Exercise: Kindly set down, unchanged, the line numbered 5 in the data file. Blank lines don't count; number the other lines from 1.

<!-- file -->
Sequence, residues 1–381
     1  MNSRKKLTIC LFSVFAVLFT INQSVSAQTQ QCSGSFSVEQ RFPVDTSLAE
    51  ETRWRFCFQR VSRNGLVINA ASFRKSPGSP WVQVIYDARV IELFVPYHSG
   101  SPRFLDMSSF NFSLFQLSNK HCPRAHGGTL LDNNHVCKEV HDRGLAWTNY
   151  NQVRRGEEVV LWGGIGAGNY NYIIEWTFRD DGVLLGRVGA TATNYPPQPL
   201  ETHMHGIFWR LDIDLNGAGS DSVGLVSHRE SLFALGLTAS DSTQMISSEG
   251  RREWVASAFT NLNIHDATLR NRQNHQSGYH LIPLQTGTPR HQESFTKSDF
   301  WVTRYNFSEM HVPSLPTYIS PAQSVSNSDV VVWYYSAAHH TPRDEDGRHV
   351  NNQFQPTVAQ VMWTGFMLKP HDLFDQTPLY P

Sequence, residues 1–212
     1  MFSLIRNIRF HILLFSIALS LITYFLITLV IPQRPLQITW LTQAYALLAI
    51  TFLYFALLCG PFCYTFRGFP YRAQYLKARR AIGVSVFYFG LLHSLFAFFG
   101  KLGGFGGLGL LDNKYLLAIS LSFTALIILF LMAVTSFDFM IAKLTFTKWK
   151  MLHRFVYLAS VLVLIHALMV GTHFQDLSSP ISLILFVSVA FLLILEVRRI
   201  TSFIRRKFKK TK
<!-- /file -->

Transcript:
   151  NQVRRGEEVV LWGGIGAGNY NYIIEWTFRD DGVLLGRVGA TATNYPPQPL